Large class sizes appear to have the largest negative impact on females in STEM subjects, according to a new study by Cornell researchers.

In an analysis of data from 44 institutions around the world, including Cornell, 5,300 interactions between students and their instructors were recorded over two years. It was found that class size began to negatively impact student performance when there were more than 120 students enrolled in a lecture.

“We show that class size has the largest impact on female participation, with smaller classes leading to more equitable participation,” Cissy Ballen, a former postdoctoral researcher in the Department of Ecology and Evolutionary Biology and now an assistant professor at Auburn University, said in a statement.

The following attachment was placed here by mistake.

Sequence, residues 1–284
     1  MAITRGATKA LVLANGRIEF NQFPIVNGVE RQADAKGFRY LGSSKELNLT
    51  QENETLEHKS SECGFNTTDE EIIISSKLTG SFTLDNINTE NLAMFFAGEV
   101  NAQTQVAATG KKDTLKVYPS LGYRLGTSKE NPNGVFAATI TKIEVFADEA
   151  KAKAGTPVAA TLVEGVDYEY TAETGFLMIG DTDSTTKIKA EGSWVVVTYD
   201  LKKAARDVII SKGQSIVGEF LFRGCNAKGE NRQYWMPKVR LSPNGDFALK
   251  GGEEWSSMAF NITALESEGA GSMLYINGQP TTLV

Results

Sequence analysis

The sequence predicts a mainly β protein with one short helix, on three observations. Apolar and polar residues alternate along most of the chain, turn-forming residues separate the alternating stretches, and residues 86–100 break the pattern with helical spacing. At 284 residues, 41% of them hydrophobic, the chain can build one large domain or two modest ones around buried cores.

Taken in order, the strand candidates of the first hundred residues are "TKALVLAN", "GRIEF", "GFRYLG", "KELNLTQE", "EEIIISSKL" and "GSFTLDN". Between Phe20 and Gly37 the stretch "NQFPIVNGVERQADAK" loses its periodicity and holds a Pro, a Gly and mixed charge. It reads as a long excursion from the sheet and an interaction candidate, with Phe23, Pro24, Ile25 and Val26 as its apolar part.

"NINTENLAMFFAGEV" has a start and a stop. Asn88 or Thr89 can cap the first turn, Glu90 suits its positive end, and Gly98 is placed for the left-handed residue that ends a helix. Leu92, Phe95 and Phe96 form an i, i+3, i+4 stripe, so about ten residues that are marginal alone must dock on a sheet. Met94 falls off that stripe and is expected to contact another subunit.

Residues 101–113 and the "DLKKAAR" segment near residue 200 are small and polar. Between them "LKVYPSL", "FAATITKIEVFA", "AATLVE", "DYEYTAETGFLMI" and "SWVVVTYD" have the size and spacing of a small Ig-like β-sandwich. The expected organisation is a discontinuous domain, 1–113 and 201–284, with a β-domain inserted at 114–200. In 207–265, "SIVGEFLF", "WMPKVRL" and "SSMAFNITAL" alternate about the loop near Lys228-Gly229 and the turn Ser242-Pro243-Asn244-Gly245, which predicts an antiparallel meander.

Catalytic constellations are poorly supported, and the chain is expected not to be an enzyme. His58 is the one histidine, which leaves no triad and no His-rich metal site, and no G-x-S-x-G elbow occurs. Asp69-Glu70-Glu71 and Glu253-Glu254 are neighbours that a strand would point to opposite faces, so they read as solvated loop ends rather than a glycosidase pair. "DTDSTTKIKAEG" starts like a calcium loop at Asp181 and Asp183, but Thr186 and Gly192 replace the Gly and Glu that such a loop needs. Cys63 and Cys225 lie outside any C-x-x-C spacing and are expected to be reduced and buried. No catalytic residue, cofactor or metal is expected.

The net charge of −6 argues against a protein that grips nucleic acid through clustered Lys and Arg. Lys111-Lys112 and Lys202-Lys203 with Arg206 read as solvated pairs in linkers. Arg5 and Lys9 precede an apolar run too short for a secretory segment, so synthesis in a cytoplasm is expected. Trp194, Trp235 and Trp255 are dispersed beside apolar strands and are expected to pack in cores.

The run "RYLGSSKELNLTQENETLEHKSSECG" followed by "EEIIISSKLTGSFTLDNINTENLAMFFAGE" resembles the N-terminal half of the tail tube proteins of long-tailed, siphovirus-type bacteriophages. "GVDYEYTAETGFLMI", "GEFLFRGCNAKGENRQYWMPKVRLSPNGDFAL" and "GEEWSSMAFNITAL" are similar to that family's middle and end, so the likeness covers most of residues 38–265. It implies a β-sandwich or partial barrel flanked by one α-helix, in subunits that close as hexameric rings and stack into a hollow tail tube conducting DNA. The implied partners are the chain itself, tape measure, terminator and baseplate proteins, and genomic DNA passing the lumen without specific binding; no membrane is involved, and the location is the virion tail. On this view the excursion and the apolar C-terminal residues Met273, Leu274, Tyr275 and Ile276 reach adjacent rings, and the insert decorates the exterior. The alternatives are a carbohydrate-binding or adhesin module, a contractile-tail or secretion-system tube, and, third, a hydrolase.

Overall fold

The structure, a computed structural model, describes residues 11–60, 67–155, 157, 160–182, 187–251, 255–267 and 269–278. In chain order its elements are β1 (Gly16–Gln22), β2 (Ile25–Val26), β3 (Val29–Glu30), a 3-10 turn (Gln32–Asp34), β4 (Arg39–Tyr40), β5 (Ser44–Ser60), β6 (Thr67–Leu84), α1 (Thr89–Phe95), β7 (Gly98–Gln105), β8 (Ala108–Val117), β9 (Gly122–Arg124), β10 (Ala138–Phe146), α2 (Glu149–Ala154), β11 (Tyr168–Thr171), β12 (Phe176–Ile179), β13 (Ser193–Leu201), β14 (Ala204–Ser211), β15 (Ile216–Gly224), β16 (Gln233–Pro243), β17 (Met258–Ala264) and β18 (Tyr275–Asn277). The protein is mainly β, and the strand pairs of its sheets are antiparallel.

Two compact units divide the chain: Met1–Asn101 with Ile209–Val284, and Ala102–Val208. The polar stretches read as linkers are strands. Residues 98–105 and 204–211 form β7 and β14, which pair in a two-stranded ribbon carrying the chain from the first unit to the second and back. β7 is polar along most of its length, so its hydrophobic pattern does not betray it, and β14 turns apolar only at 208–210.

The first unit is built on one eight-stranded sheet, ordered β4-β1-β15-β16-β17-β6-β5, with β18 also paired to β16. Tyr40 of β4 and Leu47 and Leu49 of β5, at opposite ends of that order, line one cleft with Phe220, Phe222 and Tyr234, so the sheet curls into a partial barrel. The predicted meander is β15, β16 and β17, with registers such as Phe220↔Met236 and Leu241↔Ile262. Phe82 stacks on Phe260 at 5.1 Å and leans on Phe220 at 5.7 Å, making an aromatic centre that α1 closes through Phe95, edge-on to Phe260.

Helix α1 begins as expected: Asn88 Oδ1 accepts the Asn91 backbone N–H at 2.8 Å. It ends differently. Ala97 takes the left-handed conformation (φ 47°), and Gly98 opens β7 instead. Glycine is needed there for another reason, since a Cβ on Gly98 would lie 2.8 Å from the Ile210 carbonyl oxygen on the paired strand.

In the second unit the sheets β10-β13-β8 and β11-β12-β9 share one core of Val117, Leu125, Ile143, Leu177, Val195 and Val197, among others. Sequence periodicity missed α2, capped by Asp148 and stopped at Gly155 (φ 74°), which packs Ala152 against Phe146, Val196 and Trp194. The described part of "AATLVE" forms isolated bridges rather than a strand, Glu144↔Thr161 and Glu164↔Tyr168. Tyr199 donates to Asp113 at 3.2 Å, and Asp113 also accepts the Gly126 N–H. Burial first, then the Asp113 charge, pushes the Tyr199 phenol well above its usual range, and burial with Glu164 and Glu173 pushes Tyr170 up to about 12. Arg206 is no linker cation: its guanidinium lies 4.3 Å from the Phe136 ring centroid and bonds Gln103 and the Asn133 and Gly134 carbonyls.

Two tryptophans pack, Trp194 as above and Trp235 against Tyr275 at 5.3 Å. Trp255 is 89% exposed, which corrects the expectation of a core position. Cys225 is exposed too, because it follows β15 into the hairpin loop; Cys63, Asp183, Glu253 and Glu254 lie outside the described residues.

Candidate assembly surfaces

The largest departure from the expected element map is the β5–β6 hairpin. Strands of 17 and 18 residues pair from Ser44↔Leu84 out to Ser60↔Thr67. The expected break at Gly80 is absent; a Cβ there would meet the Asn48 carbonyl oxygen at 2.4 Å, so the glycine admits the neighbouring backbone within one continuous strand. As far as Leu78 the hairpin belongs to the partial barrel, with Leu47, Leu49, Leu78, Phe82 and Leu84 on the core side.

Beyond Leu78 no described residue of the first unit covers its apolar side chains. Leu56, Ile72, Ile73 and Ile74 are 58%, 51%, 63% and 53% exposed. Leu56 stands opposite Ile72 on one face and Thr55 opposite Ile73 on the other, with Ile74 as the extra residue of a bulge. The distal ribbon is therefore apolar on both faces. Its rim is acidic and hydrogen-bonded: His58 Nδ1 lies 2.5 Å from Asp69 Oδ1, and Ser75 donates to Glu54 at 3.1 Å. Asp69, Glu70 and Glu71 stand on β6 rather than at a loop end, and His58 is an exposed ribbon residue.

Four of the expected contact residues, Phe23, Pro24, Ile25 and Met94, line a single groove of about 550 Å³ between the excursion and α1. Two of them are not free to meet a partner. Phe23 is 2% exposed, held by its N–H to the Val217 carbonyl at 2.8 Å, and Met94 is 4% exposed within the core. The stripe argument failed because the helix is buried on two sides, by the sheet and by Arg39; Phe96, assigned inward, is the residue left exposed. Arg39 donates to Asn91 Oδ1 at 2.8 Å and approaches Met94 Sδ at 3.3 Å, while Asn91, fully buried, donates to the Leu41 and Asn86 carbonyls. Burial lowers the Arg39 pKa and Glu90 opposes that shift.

“We also found that women are most likely to participate after small-group discussions when instructors use diverse teaching strategies.”

Past research has shown that large class size can be challenging for certain demographics, including first-generation students and underrepresented minorities.

“What we show here is that the deficit is not with those students, but rather with the classroom,” study co-author Kelly Zamudio, the Goldwin Smith Professor of Ecology and Evolutionary Biology in the College of Arts and Sciences, says in a statement.

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“If you want participation by everyone, then the classroom has to be an equal, open arena for everyone.”

Zamuido added that to achieve diversity in STEM, mentors will need to pay attention to the classroom climate.

The study, “Smaller Classes Promote Equitable Student Participation in STEM,” was published July 24 in Bioscience.